The airline is facing a complaint in Spain for violation of data protection rights linked to a facial recognition identity verification system deemed abusive. An association accuses the company of using an “invasive” and unjustified procedure.
Making the experience more complex?
Ryanair required identity verification with facial recognition when a customer made a reservation through a travel agency. This verification procedure imposed on certain customers has drawn fierce criticism, as it appears to breach data protection laws and promote an unfair competitive advantage. In fact, this procedure is not required if the customer books directly with Ryanair.
This measure thus seems to be an attempt to discourage and complicate third-party bookings and encourage customers to book directly on its site. The strategy raises concerns about the ethics of the company’s business practices.
According to Ryanair, this process is intended to help verify a customer’s contact details, although the airline already has all the relevant information and this verification is not required if a customer books directly with them. “They already have your contact details to send you the link to the ‘verification’ process. Biometric verification of contact details doesn’t make much sense either: your e-mail address isn’t printed on your face or in your passport. Ryanair’s verification process looks like another attempt to make life difficult for travellers and competitors in order to increase profits.“argues Romain Robert, Program Director at noyb, who is making the accusation. The purpose of these facial recognition systems is primarily to verify faces and identities, not customer details such as e-mail addresses.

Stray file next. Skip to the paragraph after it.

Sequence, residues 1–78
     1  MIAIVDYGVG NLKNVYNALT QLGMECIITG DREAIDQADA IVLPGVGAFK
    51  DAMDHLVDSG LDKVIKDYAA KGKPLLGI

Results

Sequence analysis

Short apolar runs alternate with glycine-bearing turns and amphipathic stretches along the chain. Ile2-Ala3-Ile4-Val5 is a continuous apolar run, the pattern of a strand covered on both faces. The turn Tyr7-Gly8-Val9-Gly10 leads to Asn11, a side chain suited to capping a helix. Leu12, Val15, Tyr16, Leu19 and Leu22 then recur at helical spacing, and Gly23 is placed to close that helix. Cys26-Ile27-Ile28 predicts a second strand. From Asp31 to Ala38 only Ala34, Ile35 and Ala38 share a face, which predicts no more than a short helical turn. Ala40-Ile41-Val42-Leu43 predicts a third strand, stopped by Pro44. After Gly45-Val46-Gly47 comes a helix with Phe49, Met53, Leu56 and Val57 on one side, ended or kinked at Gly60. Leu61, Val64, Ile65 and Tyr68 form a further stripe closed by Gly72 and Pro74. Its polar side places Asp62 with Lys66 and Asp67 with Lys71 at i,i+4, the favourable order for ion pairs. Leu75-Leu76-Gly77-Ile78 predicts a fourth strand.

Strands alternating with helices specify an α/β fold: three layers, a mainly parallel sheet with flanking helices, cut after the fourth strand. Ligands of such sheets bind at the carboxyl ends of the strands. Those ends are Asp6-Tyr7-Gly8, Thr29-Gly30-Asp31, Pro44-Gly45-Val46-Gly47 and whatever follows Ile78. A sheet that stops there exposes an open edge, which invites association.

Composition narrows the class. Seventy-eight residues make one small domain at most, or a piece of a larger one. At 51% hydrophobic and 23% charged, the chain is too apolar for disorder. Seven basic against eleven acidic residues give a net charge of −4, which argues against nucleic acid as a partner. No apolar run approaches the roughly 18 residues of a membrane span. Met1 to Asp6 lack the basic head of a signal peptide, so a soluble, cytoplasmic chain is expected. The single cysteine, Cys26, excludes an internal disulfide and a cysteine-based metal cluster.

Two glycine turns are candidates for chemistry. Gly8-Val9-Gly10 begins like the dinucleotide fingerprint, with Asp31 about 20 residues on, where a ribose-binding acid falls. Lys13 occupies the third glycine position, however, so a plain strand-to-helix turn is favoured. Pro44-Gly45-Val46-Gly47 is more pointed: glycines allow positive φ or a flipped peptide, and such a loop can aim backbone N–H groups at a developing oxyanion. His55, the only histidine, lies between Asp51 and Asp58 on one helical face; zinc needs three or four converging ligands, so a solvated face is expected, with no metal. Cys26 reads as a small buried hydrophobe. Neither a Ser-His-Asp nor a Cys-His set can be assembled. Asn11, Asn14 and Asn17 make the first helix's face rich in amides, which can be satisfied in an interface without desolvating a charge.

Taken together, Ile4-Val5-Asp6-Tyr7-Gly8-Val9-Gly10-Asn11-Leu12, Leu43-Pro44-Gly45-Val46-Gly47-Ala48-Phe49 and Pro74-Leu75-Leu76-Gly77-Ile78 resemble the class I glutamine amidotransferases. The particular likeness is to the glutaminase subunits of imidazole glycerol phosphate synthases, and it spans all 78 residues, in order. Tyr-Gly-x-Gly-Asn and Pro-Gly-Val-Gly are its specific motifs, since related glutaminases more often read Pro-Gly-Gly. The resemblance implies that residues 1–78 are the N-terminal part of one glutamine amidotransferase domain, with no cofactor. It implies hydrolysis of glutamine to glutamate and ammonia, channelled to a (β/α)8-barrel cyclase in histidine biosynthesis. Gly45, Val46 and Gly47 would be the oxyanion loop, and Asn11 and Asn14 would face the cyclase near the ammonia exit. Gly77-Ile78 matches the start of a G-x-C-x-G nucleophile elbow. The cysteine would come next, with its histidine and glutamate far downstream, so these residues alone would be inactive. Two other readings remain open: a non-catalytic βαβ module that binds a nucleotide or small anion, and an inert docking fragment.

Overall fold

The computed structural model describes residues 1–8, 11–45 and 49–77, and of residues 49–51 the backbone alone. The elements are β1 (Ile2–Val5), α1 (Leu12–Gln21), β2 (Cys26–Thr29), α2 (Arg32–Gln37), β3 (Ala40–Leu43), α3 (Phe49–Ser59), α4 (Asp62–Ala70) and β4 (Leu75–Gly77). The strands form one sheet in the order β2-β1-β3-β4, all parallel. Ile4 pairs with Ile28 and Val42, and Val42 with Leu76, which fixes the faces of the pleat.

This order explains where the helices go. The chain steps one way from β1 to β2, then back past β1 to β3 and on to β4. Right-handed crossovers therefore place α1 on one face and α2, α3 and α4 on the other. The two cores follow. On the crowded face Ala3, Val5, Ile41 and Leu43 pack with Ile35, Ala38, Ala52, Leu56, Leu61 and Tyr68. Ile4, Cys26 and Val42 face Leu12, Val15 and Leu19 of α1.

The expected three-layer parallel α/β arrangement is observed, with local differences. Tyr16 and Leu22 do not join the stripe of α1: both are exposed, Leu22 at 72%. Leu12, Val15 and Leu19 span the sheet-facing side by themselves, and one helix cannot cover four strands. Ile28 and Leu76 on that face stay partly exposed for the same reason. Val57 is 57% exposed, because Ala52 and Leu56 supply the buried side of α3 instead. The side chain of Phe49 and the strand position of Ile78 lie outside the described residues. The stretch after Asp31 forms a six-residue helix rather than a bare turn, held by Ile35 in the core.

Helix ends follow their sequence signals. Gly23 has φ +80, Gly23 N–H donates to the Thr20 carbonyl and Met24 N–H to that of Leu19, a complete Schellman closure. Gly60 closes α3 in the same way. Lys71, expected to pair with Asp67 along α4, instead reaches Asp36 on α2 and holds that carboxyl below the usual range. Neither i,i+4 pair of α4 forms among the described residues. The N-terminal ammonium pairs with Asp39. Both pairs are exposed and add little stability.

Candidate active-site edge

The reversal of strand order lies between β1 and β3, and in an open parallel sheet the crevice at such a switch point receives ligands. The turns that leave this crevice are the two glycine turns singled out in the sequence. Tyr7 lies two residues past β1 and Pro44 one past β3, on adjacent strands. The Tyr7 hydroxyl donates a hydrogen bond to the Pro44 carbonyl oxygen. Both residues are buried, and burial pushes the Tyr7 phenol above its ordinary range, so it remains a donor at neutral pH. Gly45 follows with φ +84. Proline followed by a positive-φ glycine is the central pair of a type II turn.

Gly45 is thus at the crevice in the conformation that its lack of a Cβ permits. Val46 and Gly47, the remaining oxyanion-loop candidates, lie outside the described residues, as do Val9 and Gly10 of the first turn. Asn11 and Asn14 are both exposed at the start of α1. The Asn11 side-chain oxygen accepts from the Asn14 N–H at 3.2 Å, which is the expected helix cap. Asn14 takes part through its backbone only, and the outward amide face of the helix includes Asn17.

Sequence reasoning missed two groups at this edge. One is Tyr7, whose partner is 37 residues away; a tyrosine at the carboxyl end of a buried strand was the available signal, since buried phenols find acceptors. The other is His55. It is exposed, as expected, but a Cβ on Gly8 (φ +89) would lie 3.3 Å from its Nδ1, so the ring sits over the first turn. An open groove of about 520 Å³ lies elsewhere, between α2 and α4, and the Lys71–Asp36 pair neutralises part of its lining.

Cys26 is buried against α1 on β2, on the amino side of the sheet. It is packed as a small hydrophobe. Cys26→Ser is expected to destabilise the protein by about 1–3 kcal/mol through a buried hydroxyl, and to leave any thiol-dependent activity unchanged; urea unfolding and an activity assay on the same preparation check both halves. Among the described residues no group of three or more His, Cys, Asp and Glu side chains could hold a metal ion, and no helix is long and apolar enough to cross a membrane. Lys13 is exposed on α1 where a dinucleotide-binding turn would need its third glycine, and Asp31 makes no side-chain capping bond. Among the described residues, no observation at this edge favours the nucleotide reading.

The use of biometric data
In addition to user experience and unfair competition, data security is also under scrutiny, as the way in which data is processed remains unclear. The company has not provided any comprehensible information on the purpose of this process, and the user has no clear information on how his or her data will be used. As a result, user consent is neither informed nor specific, rendering its use invalid under the rules of the GDPR (General Data Protection Regulation).
This case highlights the growing importance of data protection and privacy in today’s digital environment, and could also have important implications for the way companies use facial recognition technologies in the future.